Poster Paper Proc. of Int. Conf. on Advances in Signal Processing and Communication 2013 The Cepstral coefficients derived from LPC analysis has proved to be more robust to noises than the FFT-derived. Cepstral coefficients thus are more appropriate to be used with the singing signal which is mixed with instrumental sounds . (SRC). A. K-Nearest Neighbor (K-NN) Classifer The K-Nearest Neighbors algorithm is the simplest machine learning algorithm, which identifies the object by the majority vote of its neighbors based on distance (usually using a Euclidean distance). Given an input feature vector the algorithm finds k closest feature vectors representing different classes. The disadvantage of K-NN classifier is that its accuracy relies on the selection of an optimum number of neighbors and the most suitable distance measuring method. K-NN has been applied to various music sound analysis problems. B. Mel-Frequency Cepstrum Coefficient(MFCC) The MFCCs are efficient audio descriptors designed to capture short-term spectral-based features providing spectral energy measurements over short time windows. In order to calculate MFCCs, the signal is first broken into overlapping frames, each approximately 25ms long, a time scale at which the signal is assumed to be stationary. The log-magnitude of the discrete Fourier transform of each window is warped to the Mel frequency scale. A discrete cosine transform (DCT) is then applied and the lower coefficients of the DCT are used to represent a rough shape of the spectrum. By choosing a proper order of the MFCC feature vector, the characteristics of a human voice can be effectively revealed. The MFCC have been the most successful acoustic features in speech and speaker recognition systems. They have also been successfully used in music signals for artist identification, instrument identification and genre classiûcation. B. Support Vector Machine (SVM) SVM is the state-of-the-art binary classifier based on the large margin principle and it works well with high- dimensional data . Intuitively, it aims at to construct a hyperplane that divides a data set into n regions, where n is the number of class labels in the data set. These hyperplane simplify to a set of Lagrange multipliers for each training case, and the set of points within the dimensional vectors fed for training that have non-zero Lagrangians are the support vectors. The machine saves these support vectors and applies them to new data in the form of the test set for further on-line classification. Therefore, the SVM has good classiûcation performance since it focuses on the difficult instances. C. Wavelet Transform Like Fourier transforms, a wavelet transform is viewed as a tool for dividing signals into different frequency components and then analysing each component with a resolution matched to its scale . Wavelets are designed to give good time resolution at high frequencies and good frequency resolution at low frequencies. After the wavelet decomposition, histogram of each sub-band is constructed. A wavelet coefficients histogram is the histogram of the (rounded) wavelet coefficients obtained by convolving a wavelet filter with an input music signal. Using the wavelet histogram one can calculate statistical features for each subband; like the sub-band energy, defined as the mean of the absolute value of coefficients, and the first three moments, i.e., the average, the variance, and the skewness. The histograms of wavelet coefficients, gives a good estimation of the probability distribution over time and thus leads to a good feature representation. Wavelet Transform is used widely in many applications of MIR like classiûcation, similarity, pitch-detection, beat-tracking and indexing problems. C. Gaussian Mixture Model (GMM) The Gaussian mixture model uses multiple weighted Gaussians to attempt to capture the behavior of each class of training data. The use of multiple Gaussians is particularly beneficial when analyzing data that has a distribution not well modeled by a single cluster. It is known that GMMs provide good approximations of arbitrarily shaped densities of a spectrum over a long span of time , and hence can reflect the vocal tract configurations of individual singing voice. Hence it is a very flexible model that can adapt to encompass almost any distribution of data. Test points are classified by a maximum likelihood discriminant function, calculated by their distances from the multiple Gaussians of the class distributions .To determine the parameters of the Gaussians that best model each class, a well-known technique of Expectation Maximization (EM) is used. EM is an iterative algorithm that converges on parameters that are locally optimal according to the log-likelihood function. It is also useful to perform Principle Components Analysis (PCA) prior to EM. PCA is a multi-dimensional rotation of the data onto the axes of maximal variance. It also has the added benefit of normalizing the data variances, which avoids highly different scaling among the dimensions, which is problematic for EM. VI. CLASSIFIERS The purpose of classifier learning is to find a mapping from the feature space to the output labels by taking accurate decisions so as to minimize the prediction error. The common choices of classifiers are K-nearest neighbor, support vector machine, and GMM classifier. Various other classifiers have also been used for different music related tasks, including logistic regression, Artificial Neural Networks (ANN), decision trees, Linear Discriminant Analysis (LDA), Nearest Centroid (NC), and Sparse Representation-based Classifier © 2013 ACEEE DOI: 03.LSCS.2013.3.520 VII. PERFORMANCE PARAMETERS Performance parameters are essential to evaluate the system. Some of these, commonly defined in the applications of MIR are: 69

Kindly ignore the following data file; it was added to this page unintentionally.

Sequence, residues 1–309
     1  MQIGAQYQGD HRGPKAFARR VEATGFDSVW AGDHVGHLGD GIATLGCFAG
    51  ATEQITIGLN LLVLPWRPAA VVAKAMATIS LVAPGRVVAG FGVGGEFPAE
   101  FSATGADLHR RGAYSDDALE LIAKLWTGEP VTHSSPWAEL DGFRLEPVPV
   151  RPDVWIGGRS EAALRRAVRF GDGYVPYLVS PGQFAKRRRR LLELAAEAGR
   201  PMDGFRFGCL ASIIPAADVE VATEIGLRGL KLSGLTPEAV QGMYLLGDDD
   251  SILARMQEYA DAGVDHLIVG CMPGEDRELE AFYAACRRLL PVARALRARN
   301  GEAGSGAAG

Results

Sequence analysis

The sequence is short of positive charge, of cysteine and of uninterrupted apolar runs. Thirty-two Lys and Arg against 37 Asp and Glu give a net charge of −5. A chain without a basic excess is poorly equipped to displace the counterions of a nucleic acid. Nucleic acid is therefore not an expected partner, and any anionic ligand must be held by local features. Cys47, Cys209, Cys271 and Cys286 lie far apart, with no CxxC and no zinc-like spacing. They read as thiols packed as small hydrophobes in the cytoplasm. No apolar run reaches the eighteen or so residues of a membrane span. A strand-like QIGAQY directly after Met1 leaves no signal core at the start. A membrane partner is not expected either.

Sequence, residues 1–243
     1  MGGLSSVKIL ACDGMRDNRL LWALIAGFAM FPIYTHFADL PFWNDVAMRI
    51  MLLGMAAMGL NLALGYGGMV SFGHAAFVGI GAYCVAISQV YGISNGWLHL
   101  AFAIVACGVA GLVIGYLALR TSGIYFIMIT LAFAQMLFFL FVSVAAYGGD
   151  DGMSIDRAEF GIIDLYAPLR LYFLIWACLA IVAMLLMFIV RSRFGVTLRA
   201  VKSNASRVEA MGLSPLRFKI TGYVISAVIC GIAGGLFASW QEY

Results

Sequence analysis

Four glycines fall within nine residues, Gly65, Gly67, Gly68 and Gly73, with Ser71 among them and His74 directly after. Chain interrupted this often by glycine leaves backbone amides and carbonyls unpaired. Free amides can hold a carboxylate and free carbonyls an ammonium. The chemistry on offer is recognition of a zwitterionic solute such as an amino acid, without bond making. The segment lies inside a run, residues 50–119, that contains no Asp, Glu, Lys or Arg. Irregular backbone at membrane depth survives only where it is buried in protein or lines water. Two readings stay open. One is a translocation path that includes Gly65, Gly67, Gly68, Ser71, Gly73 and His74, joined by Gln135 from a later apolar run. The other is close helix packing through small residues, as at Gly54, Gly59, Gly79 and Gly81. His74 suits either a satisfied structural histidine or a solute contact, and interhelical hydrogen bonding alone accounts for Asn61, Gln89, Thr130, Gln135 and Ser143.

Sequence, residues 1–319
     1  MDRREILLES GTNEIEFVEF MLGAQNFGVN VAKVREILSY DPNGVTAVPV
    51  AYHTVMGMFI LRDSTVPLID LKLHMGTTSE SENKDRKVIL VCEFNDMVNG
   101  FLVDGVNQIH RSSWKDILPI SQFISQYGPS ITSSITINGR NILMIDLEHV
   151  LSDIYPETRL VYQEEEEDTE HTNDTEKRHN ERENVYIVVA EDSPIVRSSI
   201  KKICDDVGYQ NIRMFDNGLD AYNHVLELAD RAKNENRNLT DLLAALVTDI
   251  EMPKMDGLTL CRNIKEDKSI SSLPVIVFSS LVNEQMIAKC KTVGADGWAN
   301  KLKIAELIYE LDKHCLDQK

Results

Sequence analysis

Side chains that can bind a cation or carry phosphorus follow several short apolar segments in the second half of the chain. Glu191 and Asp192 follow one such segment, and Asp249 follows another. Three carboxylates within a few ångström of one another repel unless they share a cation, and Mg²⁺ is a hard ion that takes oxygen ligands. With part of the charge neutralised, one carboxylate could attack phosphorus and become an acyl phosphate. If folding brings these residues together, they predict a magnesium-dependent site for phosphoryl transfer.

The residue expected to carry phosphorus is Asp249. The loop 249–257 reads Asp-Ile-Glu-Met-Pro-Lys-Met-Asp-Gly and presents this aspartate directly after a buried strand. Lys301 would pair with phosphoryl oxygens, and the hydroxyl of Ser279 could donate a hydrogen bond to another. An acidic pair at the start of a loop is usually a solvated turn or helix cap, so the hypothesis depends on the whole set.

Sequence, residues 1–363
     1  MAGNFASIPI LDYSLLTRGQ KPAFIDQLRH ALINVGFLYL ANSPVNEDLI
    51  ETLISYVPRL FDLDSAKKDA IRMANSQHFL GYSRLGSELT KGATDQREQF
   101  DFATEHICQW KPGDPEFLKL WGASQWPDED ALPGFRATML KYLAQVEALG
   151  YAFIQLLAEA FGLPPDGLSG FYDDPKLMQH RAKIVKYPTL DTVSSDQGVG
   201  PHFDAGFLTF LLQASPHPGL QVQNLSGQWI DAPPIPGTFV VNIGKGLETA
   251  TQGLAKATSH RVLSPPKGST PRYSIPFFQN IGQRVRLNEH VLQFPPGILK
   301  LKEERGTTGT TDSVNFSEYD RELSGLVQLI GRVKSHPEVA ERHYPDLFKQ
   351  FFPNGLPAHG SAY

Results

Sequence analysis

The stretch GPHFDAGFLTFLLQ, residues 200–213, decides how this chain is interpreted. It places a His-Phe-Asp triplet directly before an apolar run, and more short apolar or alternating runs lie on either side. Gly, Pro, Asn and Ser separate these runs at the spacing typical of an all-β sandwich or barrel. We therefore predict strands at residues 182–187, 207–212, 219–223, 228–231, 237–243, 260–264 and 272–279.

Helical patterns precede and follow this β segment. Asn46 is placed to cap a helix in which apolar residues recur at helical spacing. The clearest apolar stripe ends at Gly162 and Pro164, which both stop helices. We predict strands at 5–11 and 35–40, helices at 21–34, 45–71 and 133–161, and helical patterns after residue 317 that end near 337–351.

Poster Paper Proc. of Int. Conf. on Advances in Signal Processing and Communication 2013 A. Accuracy Every system should compute its accuracy defined as Accu TABLE I. LIST OF APPLICATIONS BASED ON SIGNING VOICE ANALYSIS MIR Application Singer Identification Number of correctly identified test samples Total number of samples (1) Singer verification Identify trained/untrai ned singer Music Annotation Signal enhancement B. False Alarm Rate (FAR) FAR is defined as the number of false alarms divided by the total number of target frames , . FAR Framesfalsely detected as t arget Total frames labelled as t arget (2) Frames labelled as t arg et but un det ected Total t arg et frames (3) VIII. APPLICATIONS The ability to capture parameters associated with vocal qualities of singing voice can be applied to a number of tasks in MIR. Some of the applications that have a potential area of research are mentioned below: Perform singer identification task to determine who among a group of candidate singers sang a given part of song. Evaluation or assessment of the performer’s singing ability (performance) in terms of technical accuracy and assigning it a rating score. Provide a detail characterization of a particular singing voice to classify it according to skill, style, gender, register, and vocal texture. Identify trained and untrained singers by analyzing their acoustic features. Perform classical enhancements on the singing voices of untrained singers. Perform the singer verification task to decide whether or not a claimed singer performed a given song. Convert the music retrieval problem to text retrieval by labeling songs with appropriate tags, substituting songs with text annotations. A summary of the discussions in the sections III – VI and VIII is put down in Table I. Table I. lists the different applications based on singing voice and maps the application to its best suitable acoustic feature, the extraction method of that feature and the appropriate classifier. Vibrato, Formant features Delta- MFCC x MuVar MFCC MFCC Classi Used in -fier GMM -,, SVM ,  HMM GMM  GMM , ,  GMM SVM GMM  ,  REFERENCES  Andre Holzapfel, Yannis Stylianou, “Singer Identification in Rembetiko Music”, Sound and Music Computing Conference (SMC), Lefkada, Greece, 2007.  Tong Zhang, “Automatic Singer Identification”, Proceedings of ICME, Baltimore, July 2003.  Tin Lay Nwe and Haizhou Li, “Exploring Vibrato-Motivated Acoustic Features for Singer Identification”, IEEE Transactions on Audio, Speech, and Language Processing, vol. 15, no.2, pp. 519-530, Feb.2007.  Wei-Ho Tsai, Hsin-Min Wang, “Automatic Singer Recognition of Popular Music Recordings via Estimation and Modeling of Solo Vocal Signals”, IEEE Transactions on Audio, Speech, and Language Processing, vol. 14, no. 1, pp. 330-341, January 2006.  Yipeng Li and DeLiang Wang, “Separation of Singing Voice From Music Accompaniment for Monaural Recordings”,IEEE Trans. on Audio, Speech, and Language Processing, vol. 15, no. 4, pp.1475-1487, May 2007.  Chao-Ling Hsu, DeLiang Wang, Jyh-Shing Roger Jang, and Ke Hu, “A Tandem Algorithm for Singing Pitch Extraction and Voice Separation From Music Accompaniment”, IEEE Trans. on Audio, Speech, and Language Processing,vol.20,no.5,pp.1482-1491, July 2012.  T.L.New, Y.Wang,”Automatic detection of vocal segments in popular songs” Proc. 5 th Int. Conf. Music Information Retrieval, Barcelona, Spain, pp.138–145,Oct. 2004.  Wei-Ho Tsai, Hsin-Chieh Lee, “Singer Identification Based on Spoken Data in Voice Characterization”, IEEE Transactions on Audio, Speech, and Language Processing, vol. 20, no. 8, pp. 2291-2300, October 2012.  G. Tzanetakis and P. Cook, “Musical genre classiûcation of audio signals,” IEEE Trans. Speech Audio Process., vol. 10, CONCLUSIONS The vast amount of music accessible to the general public calls for developing tools to effectively and efficiently retrieve and manage the music of interest to the end users. As the © 2013 ACEEE DOI: 03.LSCS.2013.3.520 Formant features, harmonic features, timbre Timbral Features Extraction Method MFCC features, LPC Cepstrum Coefficient LPC, Cepstrum Coefficient MFCC singing voice is the basic element of a song that attracts the most attention of listeners; organizing, browsing and classifying music signals based on singing voice is useful for MIR systems. The complexity of the MIR classification increases with the amount of features used within the classifier. It is therefore crucial to understand the acoustic features and accordingly select only the most relevant features in order to increase the performance of MIR system. The paper has collectively described the acoustic features of singing voice, their extraction methods and the classifiers. Also the paper has put forward some application areas that explore singing voice analysis. C. Miss Detection Rate (MDR) The miss detection rates are reported as the number of misidentified test samples divided by the number of total test samples , . MDR Acoustic Features 70